Russian shipyard may equip exported warships with latest air defense missile/gun systemMilitary & Defense June 29, 17:24
Russian opera star Hvorostovsky cancels Vienna season concertsSociety & Culture June 29, 16:30
Samantha Smith: 10-year-old Goodwill Ambassador that embraced warmth during the Cold WarSociety & Culture June 29, 16:29
Paris sees new opportunities for dialogue on Syria with MoscowWorld June 29, 16:27
All five defendants charged with Nemtsov's murder found guiltyRussian Politics & Diplomacy June 29, 16:12
Putin to receive ex-US Secretary of State Kissinger ThursdayRussian Politics & Diplomacy June 29, 15:51
Russia’s missile early warning system helps ward off any threatMilitary & Defense June 29, 15:19
Jury to deliberate on verdict in Nemtsov murder caseSociety & Culture June 29, 15:08
Foreign customers interested in Russia’s latest icebreaker projectBusiness & Economy June 29, 14:22
NEW DELHI, March 29 (Itar-Tass) — The time of Russia’s Eurobonds placement in euro will depend on the volatility of currencies, RF Finance Minister Anton Siluanov told reporters in New Delhi on Thursday.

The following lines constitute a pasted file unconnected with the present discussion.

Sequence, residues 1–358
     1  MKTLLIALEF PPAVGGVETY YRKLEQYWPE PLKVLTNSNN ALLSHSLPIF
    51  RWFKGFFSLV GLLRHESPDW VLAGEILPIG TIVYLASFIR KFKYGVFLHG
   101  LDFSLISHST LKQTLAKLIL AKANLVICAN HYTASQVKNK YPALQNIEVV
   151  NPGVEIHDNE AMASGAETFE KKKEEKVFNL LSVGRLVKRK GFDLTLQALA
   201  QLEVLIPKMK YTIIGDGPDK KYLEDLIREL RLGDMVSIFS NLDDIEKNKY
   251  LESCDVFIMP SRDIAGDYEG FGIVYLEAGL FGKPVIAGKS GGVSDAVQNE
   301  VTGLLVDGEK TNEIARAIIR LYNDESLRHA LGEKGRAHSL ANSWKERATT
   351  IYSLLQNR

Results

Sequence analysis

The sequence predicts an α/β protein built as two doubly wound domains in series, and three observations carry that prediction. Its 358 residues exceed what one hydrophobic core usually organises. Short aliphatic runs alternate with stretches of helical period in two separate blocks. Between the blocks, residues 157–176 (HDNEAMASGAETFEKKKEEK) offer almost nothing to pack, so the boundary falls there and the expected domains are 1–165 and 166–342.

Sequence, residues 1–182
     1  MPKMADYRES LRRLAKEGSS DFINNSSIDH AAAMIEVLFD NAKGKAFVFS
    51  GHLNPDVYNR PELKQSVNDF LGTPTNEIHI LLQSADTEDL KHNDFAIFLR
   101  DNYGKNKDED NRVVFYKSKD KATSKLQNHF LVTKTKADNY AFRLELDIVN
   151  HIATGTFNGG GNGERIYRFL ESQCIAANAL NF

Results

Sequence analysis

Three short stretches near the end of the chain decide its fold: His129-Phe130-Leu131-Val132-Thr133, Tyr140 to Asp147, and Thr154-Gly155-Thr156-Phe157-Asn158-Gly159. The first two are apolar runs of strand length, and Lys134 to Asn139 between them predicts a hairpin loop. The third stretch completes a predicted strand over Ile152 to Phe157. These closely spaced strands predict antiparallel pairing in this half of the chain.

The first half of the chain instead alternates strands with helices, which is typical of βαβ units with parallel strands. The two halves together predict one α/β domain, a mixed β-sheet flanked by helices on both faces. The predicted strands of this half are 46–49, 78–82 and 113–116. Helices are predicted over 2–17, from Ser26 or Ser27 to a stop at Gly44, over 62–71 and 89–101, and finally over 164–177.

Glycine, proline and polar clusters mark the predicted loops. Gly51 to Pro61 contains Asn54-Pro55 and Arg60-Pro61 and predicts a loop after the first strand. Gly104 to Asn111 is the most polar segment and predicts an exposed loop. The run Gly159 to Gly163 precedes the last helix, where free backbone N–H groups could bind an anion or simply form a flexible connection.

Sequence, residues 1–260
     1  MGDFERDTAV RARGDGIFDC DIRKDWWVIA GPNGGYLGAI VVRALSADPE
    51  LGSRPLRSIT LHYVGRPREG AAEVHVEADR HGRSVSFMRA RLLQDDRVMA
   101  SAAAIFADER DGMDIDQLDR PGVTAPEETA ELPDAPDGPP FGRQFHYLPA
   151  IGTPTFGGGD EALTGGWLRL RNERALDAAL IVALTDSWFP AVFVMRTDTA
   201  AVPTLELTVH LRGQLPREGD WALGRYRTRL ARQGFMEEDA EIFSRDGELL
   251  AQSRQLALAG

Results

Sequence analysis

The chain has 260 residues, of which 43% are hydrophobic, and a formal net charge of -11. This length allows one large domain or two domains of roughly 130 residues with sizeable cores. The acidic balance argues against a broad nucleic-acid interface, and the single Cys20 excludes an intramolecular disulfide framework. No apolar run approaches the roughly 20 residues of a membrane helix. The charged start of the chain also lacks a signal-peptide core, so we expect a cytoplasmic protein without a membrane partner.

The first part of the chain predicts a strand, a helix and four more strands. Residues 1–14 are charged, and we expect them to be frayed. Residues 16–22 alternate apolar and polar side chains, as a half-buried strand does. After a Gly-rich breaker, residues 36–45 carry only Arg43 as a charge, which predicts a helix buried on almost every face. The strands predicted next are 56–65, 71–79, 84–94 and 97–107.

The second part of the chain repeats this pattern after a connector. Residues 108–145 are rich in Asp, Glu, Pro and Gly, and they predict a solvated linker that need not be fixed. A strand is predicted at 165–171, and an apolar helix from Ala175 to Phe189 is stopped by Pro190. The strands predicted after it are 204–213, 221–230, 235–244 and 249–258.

Asked when the Eurobonds in euro will be placed, he said: “We will look, proceeding from the volatility of that or other currencies. Most importantly, the greatest demand was for 30-year bonds. It is very important because other investors can also allocate funds in our long-term bonds.”
Sources in the City of London told Itar-Tass that Russia on Wednesday successfully placed sovereign Eurobonds to the tune of 7 billion US dollars.
Three issues of Eurobonds were placed simultaneously. Five-year bonds were issued to the tune of two billion dollars with a yield of 3.325 percent per annum and the coupon with 3.25 percent per annum. Ten-year bonds –worth two billion dollars with a yield of 4.591 percent per annum and coupon of 4.5 percent per annum. Thirty-year bonds – worth three billion dollars with a yield of 5.798 percent per annum and coupon yield of 5.625 percent.
When Russia previously placed 30-year sovereign bonds in 2007, their yield was 7.5 percent, British commentators say.
According to analysts, these relatively low rates of return indicate that world markets regard Russia as a reliable borrower. “The Eurobond placement can be considered truly successful. In the process of placing their profitability has declined, the demand has shifted towards the longer-term securities, which emphasises the relatively high confidence of global investors in the Russian risk level,” analyst of VTB Capital Andrei Solovyov believes.
According to analysts, the current issue of Eurobonds has allowed Russia to fulfil the annual plan of foreign borrowing, which in 2012 amounted to seven billion US dollars.